Writers count words.
That probably comes as no surprise to the readers of this blog, but still. Those who write for publication count words. It comes with the territory, as Professor Harold Hill might say (or sing). Writers-for-publication know that published articles, stories, and books in certain genres must meet certain word counts. For example, a two-page spread in a magazine is typically 1,200 words or so. A historical novel tends to be 80-100,000 words in length. And so on.
Many writers plan their writing routine by the word count. Novelist Graham Greene averaged 500 words a day, five days a week; Kate DiCamillo’s daily goal is in the 600-900-word range. Michael Crichton somehow produced 10,000 words daily. My head hurts just looking at that number.
So, yeah, counting words is part of the job. You just do it. But there are other things to count. Better things, perhaps. Not dollars (though some clients of The Steve Laube Agency probably spend a lot of time counting their money). But I’d like to suggest counting more than words.
Count friends. Writing is a solitary task for most. It requires long spells of quiet and solitude. But even the most introverted writers (like me) need friends and thrive when the company and support of others fuels their writing life. If you feel a lack in this area, take out an ad. Or get thee to a conference.
Count skills. Have you learned any new skills lately? Every so often one of my writer friends—or even my boss, the Incomparable Steve LaubeTM—will say something like, “Guess what I learned recently!” My ears always perk up, as I try to be alert to new tricks of the trade.
Count books. Not those you’ve written but those you’ve read. Prolific western writer Louis L’Amour wrote in his autobiographical Education of a Wandering Man: “A writer’s brain is like a magician’s hat. If you’re going to get anything out of it, you have to put something in first.” So count the books you read each year, to ensure that you’re putting enough magic into your brain.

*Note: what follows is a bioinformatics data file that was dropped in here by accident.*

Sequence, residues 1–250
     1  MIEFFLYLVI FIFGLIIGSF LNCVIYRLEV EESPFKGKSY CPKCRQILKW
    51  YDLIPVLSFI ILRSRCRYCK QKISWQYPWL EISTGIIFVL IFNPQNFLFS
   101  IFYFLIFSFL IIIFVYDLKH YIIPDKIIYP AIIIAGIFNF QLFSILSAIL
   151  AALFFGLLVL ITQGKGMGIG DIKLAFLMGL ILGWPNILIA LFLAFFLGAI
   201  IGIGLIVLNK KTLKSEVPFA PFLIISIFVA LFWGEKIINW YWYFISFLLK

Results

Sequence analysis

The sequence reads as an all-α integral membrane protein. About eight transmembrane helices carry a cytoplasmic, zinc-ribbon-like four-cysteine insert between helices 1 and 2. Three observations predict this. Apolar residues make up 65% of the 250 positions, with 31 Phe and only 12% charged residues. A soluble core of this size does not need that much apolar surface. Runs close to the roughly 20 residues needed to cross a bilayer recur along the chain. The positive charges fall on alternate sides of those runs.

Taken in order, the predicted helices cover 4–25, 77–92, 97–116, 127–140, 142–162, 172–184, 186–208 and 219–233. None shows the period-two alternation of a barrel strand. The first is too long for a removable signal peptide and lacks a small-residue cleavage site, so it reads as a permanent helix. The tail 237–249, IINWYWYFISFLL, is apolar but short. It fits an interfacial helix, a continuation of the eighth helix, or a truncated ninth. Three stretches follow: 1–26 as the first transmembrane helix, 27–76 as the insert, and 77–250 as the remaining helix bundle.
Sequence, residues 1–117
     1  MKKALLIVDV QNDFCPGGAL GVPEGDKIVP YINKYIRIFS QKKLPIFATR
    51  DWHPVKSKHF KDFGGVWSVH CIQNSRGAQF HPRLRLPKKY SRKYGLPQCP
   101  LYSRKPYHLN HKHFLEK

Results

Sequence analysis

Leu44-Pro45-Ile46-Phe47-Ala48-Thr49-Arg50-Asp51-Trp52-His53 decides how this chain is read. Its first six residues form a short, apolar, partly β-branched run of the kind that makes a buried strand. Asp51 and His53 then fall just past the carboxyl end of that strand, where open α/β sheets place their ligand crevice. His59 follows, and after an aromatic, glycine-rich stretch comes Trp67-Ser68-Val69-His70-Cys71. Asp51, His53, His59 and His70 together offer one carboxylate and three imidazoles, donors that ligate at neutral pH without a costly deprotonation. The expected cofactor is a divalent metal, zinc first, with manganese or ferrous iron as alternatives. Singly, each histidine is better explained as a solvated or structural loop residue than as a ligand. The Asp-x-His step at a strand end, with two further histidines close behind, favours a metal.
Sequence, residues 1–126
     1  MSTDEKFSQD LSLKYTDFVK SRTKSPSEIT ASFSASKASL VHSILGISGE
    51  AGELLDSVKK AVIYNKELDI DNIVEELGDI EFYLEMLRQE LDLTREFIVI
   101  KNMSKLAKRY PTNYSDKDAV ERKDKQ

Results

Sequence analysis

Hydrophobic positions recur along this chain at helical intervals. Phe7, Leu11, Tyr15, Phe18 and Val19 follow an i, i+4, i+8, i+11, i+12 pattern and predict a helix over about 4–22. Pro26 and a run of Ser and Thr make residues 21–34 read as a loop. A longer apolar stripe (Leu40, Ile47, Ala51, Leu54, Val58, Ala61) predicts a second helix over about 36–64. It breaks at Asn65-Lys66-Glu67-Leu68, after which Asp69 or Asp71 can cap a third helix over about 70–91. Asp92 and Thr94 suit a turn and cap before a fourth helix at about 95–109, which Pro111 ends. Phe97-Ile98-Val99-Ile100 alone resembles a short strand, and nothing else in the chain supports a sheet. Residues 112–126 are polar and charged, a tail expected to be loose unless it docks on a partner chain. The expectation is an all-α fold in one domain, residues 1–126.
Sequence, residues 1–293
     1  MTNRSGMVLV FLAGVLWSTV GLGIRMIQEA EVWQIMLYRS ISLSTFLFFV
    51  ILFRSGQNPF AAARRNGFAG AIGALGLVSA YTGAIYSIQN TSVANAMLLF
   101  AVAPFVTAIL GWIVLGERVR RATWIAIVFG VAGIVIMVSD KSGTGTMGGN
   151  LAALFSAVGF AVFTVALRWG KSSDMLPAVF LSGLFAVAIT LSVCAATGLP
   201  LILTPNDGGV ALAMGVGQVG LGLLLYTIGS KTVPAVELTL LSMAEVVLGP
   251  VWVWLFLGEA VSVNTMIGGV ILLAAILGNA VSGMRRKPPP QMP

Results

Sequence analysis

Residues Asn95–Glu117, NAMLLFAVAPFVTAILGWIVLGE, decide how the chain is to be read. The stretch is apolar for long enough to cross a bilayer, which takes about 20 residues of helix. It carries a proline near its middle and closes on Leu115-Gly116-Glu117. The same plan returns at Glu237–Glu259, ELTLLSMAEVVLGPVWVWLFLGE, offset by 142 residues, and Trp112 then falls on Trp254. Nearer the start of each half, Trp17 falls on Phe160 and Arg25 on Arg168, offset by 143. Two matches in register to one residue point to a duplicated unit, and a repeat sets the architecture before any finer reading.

Count your blessings. Maybe it’s because writers spend so much time alone, with themselves and with their thoughts, but we can be a gloomy lot. I suppose it could also have something to do with the frustration of working with editors and agents. Nah. But how often do we lift our heads from our keyboards and think, How blessed am I to do this? How fortunate am I to know so many words and know how to use them? To live the literary life? To rub shoulders with people like Bob Hostetler? Count your blessings. Very few people get to do what you do.
Count incandescent moments. Those flashes of inspiration? You know, when the words flow, along with laughter and tears, as you write? Count those. Record them. Remember them. Revisit them. They may not keep you warm in your old age, but they sure can temper rejection and inspire diligence.
These are just some of the things I think we should count as writers. I imagine you can add a few of your own—right? What do you track and count, as a writer? Or what do you plan to do, moving forward?